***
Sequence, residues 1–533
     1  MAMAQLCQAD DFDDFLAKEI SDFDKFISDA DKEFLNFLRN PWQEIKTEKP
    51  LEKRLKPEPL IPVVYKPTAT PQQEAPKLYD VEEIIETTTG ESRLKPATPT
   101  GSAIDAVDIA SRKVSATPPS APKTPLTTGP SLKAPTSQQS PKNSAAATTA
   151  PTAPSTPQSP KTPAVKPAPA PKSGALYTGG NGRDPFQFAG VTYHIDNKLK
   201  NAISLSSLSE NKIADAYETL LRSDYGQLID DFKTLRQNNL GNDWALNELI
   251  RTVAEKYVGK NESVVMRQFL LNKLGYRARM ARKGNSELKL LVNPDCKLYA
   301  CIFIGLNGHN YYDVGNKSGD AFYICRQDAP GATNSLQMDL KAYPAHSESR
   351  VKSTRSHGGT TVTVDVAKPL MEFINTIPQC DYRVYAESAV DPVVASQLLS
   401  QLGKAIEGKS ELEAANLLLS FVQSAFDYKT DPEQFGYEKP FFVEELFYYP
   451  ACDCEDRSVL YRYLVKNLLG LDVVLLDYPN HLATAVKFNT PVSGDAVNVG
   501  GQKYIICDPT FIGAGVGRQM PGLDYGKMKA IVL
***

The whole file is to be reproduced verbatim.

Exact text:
Sequence, residues 1–533
     1  MAMAQLCQAD DFDDFLAKEI SDFDKFISDA DKEFLNFLRN PWQEIKTEKP
    51  LEKRLKPEPL IPVVYKPTAT PQQEAPKLYD VEEIIETTTG ESRLKPATPT
   101  GSAIDAVDIA SRKVSATPPS APKTPLTTGP SLKAPTSQQS PKNSAAATTA
   151  PTAPSTPQSP KTPAVKPAPA PKSGALYTGG NGRDPFQFAG VTYHIDNKLK
   201  NAISLSSLSE NKIADAYETL LRSDYGQLID DFKTLRQNNL GNDWALNELI
   251  RTVAEKYVGK NESVVMRQFL LNKLGYRARM ARKGNSELKL LVNPDCKLYA
   301  CIFIGLNGHN YYDVGNKSGD AFYICRQDAP GATNSLQMDL KAYPAHSESR
   351  VKSTRSHGGT TVTVDVAKPL MEFINTIPQC DYRVYAESAV DPVVASQLLS
   401  QLGKAIEGKS ELEAANLLLS FVQSAFDYKT DPEQFGYEKP FFVEELFYYP
   451  ACDCEDRSVL YRYLVKNLLG LDVVLLDYPN HLATAVKFNT PVSGDAVNVG
   501  GQKYIICDPT FIGAGVGRQM PGLDYGKMKA IVL